Broadcast film critics shine light on 'Into the Wild'

EntertainmentMoviesReviewsFilm FestivalsCelebritiesMovie IndustryCrime, Law and Justice

With critics groups chiming in from New York, L.A., Boston, San Francisco and Washington, D.C., this week, a predictable pattern is emerging.

The nation's top movie reviewers are in a pessimistic mood, splitting their best picture prizes, so far, between the hellish visions of Joel and Ethan Coen's "No Country for Old Men" (National Board of Review, and N.Y. and D.C. critics groups), Paul Thomas Anderson's "There Will Be Blood" (L.A., and N.Y. online critics), and Andrew Dominick's "The Assassination of Jesse James by the Coward Robert Ford" (S.F. critics).

But all that gloom and doom momentum was stopped in its tracks this morning when the Broadcast Film Critics Assn. (of which we are a member) announced nominees for its annual Critics Choice Awards.

The BFCA's picks, more often than not, have in its 13-year history managed to mirror the ultimate victors at the Oscars.

The group called last year's picture and director winners -- for "The Departed" -- along with acting champs Helen Mirren, Forest Whitaker and Jennifer Hudson.

Today the BFCA threw some surprises into the mix, giving a big boost and a leading seven nominations for "Into the Wild," including writing and directing bids for Sean Penn and three acting nods, along with best picture.

Previously, and despite "Wild's" Gotham win, the Paramount Vantage film was thought to be further down in the pack.

Runner-up was Fox Searchlight's "Juno," the feel-good comedy, with six nominations, including best picture and comedy.

These films have barely been mentioned in the major critics contests so far. Now their stock is soaring, especially if they can add Golden Globe glory on Thursday.

Add to that tally five more BFCA nominations, each for four other films that have been otherwise mostly AWOL from the critics honor rolls. These neck-and-neck films include "Atonement," "Michael Clayton" (aside from some critical love for George Clooney from NBR), "Sweeney Todd" and "Hairspray."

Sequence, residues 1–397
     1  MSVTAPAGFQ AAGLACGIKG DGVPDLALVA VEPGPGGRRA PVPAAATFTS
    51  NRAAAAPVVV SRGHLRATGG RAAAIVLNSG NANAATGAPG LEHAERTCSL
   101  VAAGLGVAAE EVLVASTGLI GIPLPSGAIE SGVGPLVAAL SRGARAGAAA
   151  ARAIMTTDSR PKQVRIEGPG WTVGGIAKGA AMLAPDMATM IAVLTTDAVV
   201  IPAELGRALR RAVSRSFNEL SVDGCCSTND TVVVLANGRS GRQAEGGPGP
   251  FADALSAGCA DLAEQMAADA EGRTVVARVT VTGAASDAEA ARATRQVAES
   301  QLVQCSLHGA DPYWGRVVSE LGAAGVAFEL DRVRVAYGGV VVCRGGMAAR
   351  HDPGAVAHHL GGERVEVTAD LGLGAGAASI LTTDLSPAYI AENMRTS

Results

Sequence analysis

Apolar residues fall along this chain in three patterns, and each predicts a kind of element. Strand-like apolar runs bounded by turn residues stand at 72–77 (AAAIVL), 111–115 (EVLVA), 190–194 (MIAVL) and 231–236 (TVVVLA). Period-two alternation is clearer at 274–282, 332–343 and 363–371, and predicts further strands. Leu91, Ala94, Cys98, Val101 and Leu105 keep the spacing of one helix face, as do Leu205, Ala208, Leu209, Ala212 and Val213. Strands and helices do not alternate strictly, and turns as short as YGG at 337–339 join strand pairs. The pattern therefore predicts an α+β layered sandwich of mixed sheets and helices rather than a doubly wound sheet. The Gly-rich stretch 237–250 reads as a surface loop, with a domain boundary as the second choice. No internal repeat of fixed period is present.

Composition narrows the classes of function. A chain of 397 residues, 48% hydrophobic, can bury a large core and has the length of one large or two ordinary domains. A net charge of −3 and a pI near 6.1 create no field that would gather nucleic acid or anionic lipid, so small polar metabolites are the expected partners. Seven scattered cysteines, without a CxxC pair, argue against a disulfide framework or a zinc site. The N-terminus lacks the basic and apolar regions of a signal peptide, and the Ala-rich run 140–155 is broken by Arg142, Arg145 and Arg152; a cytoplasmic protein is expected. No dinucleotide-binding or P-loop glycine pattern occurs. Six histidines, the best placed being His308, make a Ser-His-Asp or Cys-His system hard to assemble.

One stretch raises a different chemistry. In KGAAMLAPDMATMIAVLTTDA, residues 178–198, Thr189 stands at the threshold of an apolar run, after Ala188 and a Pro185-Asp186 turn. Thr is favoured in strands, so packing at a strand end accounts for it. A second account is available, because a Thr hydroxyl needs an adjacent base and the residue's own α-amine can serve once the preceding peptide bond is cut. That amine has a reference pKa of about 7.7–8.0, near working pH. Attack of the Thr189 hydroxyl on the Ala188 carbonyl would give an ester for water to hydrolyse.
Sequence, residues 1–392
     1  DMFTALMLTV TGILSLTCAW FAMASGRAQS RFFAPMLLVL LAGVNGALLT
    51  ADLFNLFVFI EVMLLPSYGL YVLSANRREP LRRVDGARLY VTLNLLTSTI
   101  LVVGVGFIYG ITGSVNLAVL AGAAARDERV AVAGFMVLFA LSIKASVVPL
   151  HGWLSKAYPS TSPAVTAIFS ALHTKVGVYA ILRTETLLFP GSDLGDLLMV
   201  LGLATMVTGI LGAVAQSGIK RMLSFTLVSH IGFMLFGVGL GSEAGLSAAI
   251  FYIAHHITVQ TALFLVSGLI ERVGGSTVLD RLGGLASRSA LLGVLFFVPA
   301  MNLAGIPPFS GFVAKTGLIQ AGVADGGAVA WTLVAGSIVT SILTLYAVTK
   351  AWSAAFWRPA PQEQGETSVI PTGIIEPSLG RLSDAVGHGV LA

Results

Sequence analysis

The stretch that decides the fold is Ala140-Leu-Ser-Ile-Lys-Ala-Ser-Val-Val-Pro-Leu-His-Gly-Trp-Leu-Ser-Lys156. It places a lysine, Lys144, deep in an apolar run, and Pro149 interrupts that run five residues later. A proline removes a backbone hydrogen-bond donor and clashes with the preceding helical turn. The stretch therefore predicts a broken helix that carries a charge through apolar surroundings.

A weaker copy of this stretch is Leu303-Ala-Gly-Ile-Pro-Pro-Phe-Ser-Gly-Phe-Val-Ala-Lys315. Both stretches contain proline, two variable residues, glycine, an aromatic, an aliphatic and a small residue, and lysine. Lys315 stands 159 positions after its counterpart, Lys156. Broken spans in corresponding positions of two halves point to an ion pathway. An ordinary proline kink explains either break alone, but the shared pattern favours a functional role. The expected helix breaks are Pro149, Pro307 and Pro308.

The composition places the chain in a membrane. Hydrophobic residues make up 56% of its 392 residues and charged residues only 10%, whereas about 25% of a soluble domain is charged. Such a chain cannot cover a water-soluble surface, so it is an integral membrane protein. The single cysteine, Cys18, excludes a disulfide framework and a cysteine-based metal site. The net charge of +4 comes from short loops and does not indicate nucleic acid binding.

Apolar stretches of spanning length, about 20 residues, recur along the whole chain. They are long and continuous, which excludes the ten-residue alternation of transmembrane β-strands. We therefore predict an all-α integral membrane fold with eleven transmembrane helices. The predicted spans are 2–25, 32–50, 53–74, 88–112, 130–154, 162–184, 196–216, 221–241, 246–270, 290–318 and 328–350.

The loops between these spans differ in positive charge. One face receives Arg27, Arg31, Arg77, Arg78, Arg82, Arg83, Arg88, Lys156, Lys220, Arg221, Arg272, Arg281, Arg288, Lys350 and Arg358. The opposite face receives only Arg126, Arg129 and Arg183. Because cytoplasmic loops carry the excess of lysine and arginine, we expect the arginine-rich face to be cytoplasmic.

With that kind of even playing field, you have a picture of a race that is probably more wide open than any in recent years.

Even so, the BFCA wasn't totally at odds with the other groups. Just as it dominated most critics' lists, BFCA gave "No Country" five major nominations (picture, supporting actor, director, writer and ensemble cast). And it drew "There Will Be Blood" three times, including picture, actor and music.

San Francisco favorite "Jesse James" scored only a Casey Affleck supporting nod.

Stakes in Thursday's Golden Globe nominations (where dramas and musical/comedies are separated) are clearly raised for early favorite "American Gangster." Its only nods from BFCA were for best picture and best song.

The modest BFCA attention for "Gangster" follows a complete snub by the other critics groups and the National Board of Review. The omissions of lead actor Denzel Washington, director Ridley Scott and writer Steve Zaillian in the critics choice kudos could spell potential trouble down the road for Universal.

Or not.

As one academy member told us this week, "Everyone thinks we follow what the critics do. It's simply not true."

The competitive best actor race saw favorites Clooney, Daniel Day-Lewis and Johnny Depp named, along with more surprising long shots in indie movies, such as Emile Hirsch from "Into the Wild," Ryan Gosling of "Lars and the Real Girl" and the heavily-tattooed Viggo Mortensen from "Eastern Promises."

Washington, Russell Crowe, Jack Nicholson, Tom Hanks, Tommy Lee Jones and "Atonement's" James McAvoy were among many possibilities passed by.

The inclusion of comedic turns from "Enchanted's" Amy Adams and "Juno's" Ellen Page in the best actress race (along with Angelina Jolie, Marion Cotillard and Julie Christie) suggests that the BFCA may be reacting to the large spate of downer flicks dominating the awards season.

It would seem voters purposely rewarded lighter fare in major categories, something Gosling's nod might also indicate.

Christie, who won her first Oscar 42 years ago, has already piled up five of the critics' best actress honors this year giving her the Big MO among the female thespians.

Cate Blanchett, in the critically drubbed "Elizabeth: The Golden Age," got the sixth nomination in the actress category, one she actually won with the original "Elizabeth" in 1998.

The BFCA can't get enough of Cate apparently since she has also turned up in the supporting actress group for her Bob Dylan impersonation in "I'm Not There."

Speaking of supporting actress, new critics darling Amy Ryan, who has so far grabbed six awards for her performance as an unfit mother in "Gone Baby Gone," was nominated by the BFCA.

This makes Ryan the odds-on favorite to win over Blanchett. She was once thought to be as invincible as Dylan. Now she may be seeing her dreams of Oscar glory blowin' in the wind.

Having picked 37 out of 40 acting nominees in the last two years that went on to get Oscar nominations, this morning's BFCA announcement throws a new wrinkle into a curious and curiouser awards season, one that just can't wait for the next stop Thursday morning when the Golden Globe contenders, the granddaddy of all precursor awards, will be unveiled.

Copyright © 2014, Los Angeles Times
Comments
Loading